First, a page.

Tucker Carlson’s Lesson on the Dangers of Giving Airtime to Vladimir Putin

Tucker Carlson left Moscow more than a week ago, buoyed by an interview with Russian President Vladimir V. Putin that put him back in the spotlight after his abrupt cancellation by Fox News last spring.

But the interview with the wartime autocrat, mocked in various corners of the political-media world for its gentleness, continues to have a long and tortured afterlife – becoming a hot topic again on Friday after the national opponent most virulent of Mr. Putin, Alexeï A. Navalny was found dead in a Russian prison.

“This is what Putin’s Russia is, @TuckerCarlson,” Liz Cheney, a former Republican congresswoman from Wyoming, written the after the announcement of Mr. Navalny’s death on Friday. “And you are Putin’s useful idiot.”

Naomi Biden, President Biden’s granddaughter, also weighed in, highlighting a video Mr. Carlson had recently released in which he contrasted the supposed splendors of Russia under Mr. Putin with “dirt and crime.” the United States. “Has anything ever aged so badly, so quickly?” Mrs. Biden written the.

In a statement to the New York Times on Friday, Mr. Carlson said: “It’s horrible what happened to Navalny. This is all barbaric and horrible. No honest person would defend him.

The comment represents a notable shift in tone from earlier this week, when he appeared to offer a blasé opinion on Russia’s treatment of Mr. Navalny, who was first imprisoned three years ago for corruption and “extremism” which the United States has called baseless. .

Asked at a conference in Dubai on Monday why he had not asked Mr. Putin about Russia’s crackdown on free speech, Mr. Navalny’s imprisonment or alleged political assassinations, Mr. Carlson said. declared that these were “things that every other American media is talking about.” (Mr. Carlson was, in fact, the first Western media figure to interview Mr. Putin in more than two years.)

But, Mr. Carlson said then, “leadership requires killing people — sorry, that’s why I wouldn’t want to be a leader” — comments that drew even more criticism after the death of Mr. Navalny.

Mr Carlson said in a statement on Friday that his remarks about leadership “had nothing” to do with Mr Navalny. “I was not referring to him, which is obvious in the context. I am totally opposed to murder.

Although Mr. Carlson pressed Mr. Putin during Wall Street Journal correspondent Evan Gershkovich’s interview about the Russian detention, he remained silent for extended periods while Mr. Putin gave a historic lecture which offered a one-sided point of view and often wrong story about Ukraine.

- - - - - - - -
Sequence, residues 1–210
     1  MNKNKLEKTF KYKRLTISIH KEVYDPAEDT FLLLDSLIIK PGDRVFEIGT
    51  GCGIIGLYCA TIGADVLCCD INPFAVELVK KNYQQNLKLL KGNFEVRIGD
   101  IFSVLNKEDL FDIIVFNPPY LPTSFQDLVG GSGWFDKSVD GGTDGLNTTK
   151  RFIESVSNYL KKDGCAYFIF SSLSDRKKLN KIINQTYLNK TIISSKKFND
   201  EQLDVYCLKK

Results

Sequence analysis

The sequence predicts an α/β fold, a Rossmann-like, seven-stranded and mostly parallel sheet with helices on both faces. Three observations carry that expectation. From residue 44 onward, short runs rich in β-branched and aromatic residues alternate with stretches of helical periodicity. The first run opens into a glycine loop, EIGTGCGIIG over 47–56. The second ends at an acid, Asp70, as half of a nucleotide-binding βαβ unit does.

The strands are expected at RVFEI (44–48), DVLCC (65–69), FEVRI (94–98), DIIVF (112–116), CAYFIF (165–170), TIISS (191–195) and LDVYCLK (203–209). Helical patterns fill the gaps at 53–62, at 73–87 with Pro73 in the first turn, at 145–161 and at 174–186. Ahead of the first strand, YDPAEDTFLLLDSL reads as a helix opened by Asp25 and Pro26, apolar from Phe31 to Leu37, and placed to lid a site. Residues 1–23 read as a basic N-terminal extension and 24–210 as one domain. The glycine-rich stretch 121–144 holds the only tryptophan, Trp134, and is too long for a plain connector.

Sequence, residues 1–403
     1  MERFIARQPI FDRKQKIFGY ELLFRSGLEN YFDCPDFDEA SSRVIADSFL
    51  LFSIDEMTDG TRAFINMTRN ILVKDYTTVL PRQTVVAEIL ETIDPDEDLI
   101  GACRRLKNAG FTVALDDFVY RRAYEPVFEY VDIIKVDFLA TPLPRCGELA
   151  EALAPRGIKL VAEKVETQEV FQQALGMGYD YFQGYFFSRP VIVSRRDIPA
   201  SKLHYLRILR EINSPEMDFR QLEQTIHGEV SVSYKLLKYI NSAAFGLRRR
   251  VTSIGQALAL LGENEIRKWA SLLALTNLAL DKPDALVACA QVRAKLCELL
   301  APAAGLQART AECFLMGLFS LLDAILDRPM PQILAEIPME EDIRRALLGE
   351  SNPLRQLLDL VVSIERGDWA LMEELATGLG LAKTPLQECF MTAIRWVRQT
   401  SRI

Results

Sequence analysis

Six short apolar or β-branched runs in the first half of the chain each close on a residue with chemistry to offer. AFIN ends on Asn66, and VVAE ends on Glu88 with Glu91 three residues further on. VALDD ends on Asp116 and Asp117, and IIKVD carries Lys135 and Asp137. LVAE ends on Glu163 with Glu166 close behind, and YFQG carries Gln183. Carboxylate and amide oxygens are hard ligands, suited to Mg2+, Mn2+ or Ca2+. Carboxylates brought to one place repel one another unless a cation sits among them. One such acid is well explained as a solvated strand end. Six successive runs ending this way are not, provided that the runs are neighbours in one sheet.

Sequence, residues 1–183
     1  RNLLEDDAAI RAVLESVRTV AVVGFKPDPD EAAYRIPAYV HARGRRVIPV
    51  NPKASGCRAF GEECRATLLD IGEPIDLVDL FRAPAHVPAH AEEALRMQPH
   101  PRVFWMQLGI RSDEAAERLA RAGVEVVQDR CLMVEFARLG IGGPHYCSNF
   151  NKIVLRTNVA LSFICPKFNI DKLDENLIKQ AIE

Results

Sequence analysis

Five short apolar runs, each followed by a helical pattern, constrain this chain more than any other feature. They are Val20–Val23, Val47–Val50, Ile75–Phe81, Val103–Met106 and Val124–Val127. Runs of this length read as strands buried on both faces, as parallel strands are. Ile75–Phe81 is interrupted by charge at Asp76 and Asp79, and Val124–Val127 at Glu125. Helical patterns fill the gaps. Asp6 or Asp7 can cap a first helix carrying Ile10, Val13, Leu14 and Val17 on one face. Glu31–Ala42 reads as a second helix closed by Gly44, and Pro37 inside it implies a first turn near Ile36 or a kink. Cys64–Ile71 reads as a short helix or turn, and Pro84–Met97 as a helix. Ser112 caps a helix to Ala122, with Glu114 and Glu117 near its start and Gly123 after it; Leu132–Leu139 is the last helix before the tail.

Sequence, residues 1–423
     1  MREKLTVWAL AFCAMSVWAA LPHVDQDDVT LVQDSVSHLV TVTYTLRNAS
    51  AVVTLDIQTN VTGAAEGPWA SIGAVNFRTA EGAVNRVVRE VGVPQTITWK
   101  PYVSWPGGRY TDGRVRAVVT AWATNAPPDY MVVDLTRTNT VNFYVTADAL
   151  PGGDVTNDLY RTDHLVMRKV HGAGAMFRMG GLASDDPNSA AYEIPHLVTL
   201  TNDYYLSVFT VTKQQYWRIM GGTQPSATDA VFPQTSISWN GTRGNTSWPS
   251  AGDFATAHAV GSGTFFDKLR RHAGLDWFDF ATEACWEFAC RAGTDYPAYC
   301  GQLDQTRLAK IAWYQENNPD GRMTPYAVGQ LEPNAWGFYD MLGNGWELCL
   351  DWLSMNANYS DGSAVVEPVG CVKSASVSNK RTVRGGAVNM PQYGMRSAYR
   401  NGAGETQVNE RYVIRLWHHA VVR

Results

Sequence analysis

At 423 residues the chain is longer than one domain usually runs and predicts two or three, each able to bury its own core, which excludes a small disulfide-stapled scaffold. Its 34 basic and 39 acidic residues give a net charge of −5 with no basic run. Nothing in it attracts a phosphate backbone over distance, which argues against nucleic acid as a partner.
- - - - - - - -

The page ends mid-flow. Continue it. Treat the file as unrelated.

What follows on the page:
Mr. Carlson’s fans and supporters on X described criticism of his interview as sour grapes from mainstream journalists who did not have the opportunity to interview Mr. Putin themselves.

But on Wednesday, a new expert joined the chorus of those who said Mr. Carlson had been too easy on Mr. Putin — Mr. Putin himself.

Speaking to a state television host, Mr. Putin said he was disappointed that Mr. Carlson did not ask “so-called pointed questions” because he wanted the opportunity to “answer strongly” in his own responses.

“He was patient and listened to my long dialogues, especially those related to history, and did not give me a reason to do what I was ready for,” Mr. Putin said. “So, frankly, I did not get complete satisfaction from this interview.”

Justin Wells, one of Mr. Carlson’s top producers, responded Friday that viewers should “judge for themselves.”

Mr. Putin’s mockery of Mr. Carlson came as the former Fox host rejoiced, the day after his interview, in a steady stream of praise for Russia and Mr. Putin, whose leadership he touted as superior to that of Mr. Biden.

On Wednesday, Mr. Carlson released a short video recorded at a Russian grocery store, saying the selection and prices offered an example of Russia’s superiority over the United States, which he described as plagued by “filth , crime and inflation.

“Coming to a Russian grocery store, in the heart of evil, and seeing what things cost and how people live, it will radicalize you against our leaders,” he said in the video. “That’s how I feel, anyway: radicalized.”

(Russia has a rate of inflation like the United States, and its citizens spend higher percentage of their household budget on the grocery store.)

The video sparked a bipartisan rebuke: from Naomi Biden and, before her, from Senator Thomas TillisRepublican from North Carolina.

As a polemicist who has long dabbled in pro-Russian narratives and now relies on subscriptions from those drawn to that type of content, Mr. Carlson operates in a field where the criticism he received this week could be a catalyst for gaining even more support.

“It’s just measured by a totally different yardstick,” said Nicole R. Hemmer, an associate professor of history at Vanderbilt University who studies conservative media. “Tucker being attacked is great for Tucker.”